Hopefully John Paul I’s short reign will be the last of the “mini-pontificates.”
The first abbreviated papacy lasted just over one month and belonged to Anterus, a pope of Greek descent who served from late November 235 until the third day of the year 236. Anterus was long touted as a martyr, but more recent sources contend that he died of natural causes.
Pope Sisinnius was so severely afflicted with gout at the time of his consecration in January 708 that he was unable to feed himself. He died less than three weeks into his pontificate.
St. Valentine enjoys a massive legacy, but Pope Valentine has almost entirely vanished from history, as he died about a month after his consecration in August 827. There is no record of a single official act undertaken during his tenure.
Pope Boniface VI had a checkered past, but his pontificate was so brief that there was no chance for controversy to blossom. The gout-stricken pontiff died about two weeks after his April 896 consecration. It was a troubled time for the Church: The following year of 897 saw the appalling spectacle known as the Cadaver Synod, in which the body of the dead Pope Formosus was exhumed, adorned in papal vestments, and then put on trial.
Pope Theodore II sought to officially invalidate this ghastly Cadaver Synod and return the mistreated remains of Formosus to a proper burial. Rome was so volatile at the time, however, that Theodore’s act of decency might have cost him his life. The circumstances of his death are unknown, but Theodore died less than three weeks after his pontificate began in November 897.
Pope Leo V was overthrown and imprisoned by an upstart antipope named Christopher several weeks after taking papal office in the year 903. Soon enough, Christopher joined Leo in prison, where both their lives would end violently.
Pope Benedict V reigned for about one month during May-June 964 before he was deposed and banished by an invading emperor. He was not treated brutally, but died soon anyway.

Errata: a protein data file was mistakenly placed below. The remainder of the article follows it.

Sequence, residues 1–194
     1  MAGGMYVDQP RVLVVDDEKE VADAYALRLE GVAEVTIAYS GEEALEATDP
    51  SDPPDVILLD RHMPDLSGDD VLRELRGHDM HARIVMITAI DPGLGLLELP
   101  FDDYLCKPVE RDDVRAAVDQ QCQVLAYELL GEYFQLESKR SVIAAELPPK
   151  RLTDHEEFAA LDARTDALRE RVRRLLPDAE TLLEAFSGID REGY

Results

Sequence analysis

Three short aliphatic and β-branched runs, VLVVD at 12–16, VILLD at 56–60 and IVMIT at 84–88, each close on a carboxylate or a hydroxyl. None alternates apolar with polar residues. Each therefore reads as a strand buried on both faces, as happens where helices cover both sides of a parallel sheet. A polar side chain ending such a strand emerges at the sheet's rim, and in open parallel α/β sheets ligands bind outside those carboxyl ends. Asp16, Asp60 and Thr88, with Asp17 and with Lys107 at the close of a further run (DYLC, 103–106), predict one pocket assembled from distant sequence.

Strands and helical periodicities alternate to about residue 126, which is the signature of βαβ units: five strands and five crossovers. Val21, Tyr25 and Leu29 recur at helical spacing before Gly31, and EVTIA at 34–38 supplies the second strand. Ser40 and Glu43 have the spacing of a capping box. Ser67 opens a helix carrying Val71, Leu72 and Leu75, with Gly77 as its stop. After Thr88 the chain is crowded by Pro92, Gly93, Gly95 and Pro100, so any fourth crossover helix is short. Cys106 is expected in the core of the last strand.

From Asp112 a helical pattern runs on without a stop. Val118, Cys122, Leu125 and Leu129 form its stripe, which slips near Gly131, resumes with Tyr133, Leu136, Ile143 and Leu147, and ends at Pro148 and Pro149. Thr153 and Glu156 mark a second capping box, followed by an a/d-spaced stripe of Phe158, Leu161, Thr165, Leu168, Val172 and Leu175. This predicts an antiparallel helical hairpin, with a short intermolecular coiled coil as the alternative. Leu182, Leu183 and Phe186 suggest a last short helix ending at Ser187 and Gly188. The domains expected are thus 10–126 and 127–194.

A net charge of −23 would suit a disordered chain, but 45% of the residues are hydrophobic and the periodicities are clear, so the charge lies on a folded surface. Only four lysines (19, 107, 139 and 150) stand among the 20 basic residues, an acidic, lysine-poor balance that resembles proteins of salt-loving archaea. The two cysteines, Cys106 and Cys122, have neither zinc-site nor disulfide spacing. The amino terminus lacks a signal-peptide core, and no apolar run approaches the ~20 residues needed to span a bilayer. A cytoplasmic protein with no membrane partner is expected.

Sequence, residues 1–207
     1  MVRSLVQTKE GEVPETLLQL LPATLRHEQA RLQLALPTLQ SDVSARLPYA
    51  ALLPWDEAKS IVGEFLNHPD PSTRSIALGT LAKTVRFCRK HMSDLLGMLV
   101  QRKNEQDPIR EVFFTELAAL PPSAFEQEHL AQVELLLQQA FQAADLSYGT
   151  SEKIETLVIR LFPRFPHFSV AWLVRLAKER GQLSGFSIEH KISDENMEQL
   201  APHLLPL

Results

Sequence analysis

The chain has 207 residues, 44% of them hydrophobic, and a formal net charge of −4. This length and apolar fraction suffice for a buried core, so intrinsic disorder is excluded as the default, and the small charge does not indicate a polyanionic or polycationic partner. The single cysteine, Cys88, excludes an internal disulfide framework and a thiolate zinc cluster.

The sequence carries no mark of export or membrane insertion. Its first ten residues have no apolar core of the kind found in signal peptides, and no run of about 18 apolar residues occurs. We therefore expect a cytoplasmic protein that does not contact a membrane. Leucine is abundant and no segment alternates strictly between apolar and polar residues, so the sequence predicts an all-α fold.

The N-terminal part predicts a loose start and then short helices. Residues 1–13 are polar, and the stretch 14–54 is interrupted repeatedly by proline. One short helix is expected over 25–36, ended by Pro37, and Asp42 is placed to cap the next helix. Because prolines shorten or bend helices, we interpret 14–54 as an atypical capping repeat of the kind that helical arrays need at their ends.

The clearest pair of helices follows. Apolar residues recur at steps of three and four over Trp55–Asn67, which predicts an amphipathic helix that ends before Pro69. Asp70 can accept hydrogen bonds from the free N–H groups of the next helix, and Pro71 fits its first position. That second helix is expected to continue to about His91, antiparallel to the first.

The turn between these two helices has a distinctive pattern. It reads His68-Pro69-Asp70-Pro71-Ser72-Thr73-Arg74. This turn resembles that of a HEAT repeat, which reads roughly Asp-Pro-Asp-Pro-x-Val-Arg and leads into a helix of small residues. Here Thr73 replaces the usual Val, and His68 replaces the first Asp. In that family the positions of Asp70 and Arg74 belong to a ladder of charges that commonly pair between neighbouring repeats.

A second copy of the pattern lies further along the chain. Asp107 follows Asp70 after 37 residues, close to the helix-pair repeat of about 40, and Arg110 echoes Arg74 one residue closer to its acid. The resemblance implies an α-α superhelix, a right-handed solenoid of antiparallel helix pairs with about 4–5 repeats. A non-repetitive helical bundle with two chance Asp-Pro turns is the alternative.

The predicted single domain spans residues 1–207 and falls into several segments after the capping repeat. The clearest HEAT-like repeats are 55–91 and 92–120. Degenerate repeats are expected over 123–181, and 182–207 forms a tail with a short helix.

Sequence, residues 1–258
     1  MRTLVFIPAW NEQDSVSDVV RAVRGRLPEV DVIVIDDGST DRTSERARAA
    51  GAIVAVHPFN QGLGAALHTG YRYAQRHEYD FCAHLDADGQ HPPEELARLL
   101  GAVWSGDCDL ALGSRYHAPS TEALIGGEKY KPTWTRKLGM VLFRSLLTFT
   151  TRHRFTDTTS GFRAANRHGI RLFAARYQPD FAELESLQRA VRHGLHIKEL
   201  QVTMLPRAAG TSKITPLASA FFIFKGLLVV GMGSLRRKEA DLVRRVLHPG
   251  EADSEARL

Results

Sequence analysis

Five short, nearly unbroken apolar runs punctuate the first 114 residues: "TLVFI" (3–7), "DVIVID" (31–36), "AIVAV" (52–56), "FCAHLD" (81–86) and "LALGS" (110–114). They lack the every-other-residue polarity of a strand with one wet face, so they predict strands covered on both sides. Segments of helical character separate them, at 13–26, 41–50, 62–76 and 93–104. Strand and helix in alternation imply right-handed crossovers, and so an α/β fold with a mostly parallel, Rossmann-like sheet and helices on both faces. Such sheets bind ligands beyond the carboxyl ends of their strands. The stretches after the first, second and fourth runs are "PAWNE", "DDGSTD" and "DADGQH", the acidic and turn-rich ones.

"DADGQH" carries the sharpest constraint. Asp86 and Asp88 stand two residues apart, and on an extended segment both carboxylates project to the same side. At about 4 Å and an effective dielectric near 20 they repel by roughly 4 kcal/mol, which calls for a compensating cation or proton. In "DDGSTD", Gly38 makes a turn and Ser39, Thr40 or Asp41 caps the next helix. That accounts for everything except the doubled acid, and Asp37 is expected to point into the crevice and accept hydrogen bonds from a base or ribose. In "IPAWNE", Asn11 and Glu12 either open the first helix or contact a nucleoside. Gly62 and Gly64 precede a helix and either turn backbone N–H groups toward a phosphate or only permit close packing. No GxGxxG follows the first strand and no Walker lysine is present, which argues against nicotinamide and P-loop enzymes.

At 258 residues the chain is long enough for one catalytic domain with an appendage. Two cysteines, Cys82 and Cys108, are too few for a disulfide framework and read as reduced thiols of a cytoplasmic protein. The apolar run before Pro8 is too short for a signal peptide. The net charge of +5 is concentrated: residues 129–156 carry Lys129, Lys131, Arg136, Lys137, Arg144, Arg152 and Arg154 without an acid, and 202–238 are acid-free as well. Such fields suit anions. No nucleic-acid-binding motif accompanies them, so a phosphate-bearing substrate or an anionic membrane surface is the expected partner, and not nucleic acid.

Pope Celestine IV was elderly and infirm when his pontificate began on Oct. 25, 1241. He died about two weeks into his tenure, leaving sweet little to show for a heavily contested papal election that saw cardinals “forcibly confined” within a “broken-down palace.”
Pope Adrian V succumbed to an illness five weeks after taking office in July 1276. Despite the brevity of his pontificate, he somehow made enough of an impression for poet Dante Alighieri to place him in his Purgatorio.
Pope Pius III succeeded Alexander VI, whose 11-year (1492-1503) pontificate of nepotism, corruption, and promiscuity made him the arch bad-boy of papal history. The ailing Pius III never even had a chance to redeem the papacy, as he died some 17 days after beginning his pontificate on Oct. 1, 1503.
Pope Marcellus II was touted as a cost-cutting reformer when his papacy began on April 10, 1555. But he was unable to realize his potential, as he died only three weeks into his pontificate, after overexerting himself during Holy Week.
Another would-be reformer, Pope Urban VII was in decent health when his papacy began on Sept. 15, 1590. However, after just one papal day he contracted malaria, which killed him in less than two weeks. His was likely the briefest of all mini-pontificates.
A member of the influential Medici family, the elderly Pope Leo XI became seriously ill right as his papacy began on April 1, 1605. He died by the end of the month.
The triumphant reign of John Paul II was nearly 300 times longer than the mini-pontificate of John Paul I, who died less than five weeks after his papacy began on Aug. 26, 1978. Though the 65-year-old most likely succumbed to a heart attack, his sudden death gave rise to wild rumors.
Almost 40 years after the demise of John Paul I, one can only hope that his is the final case in the sad tradition of the mini-pontificate.
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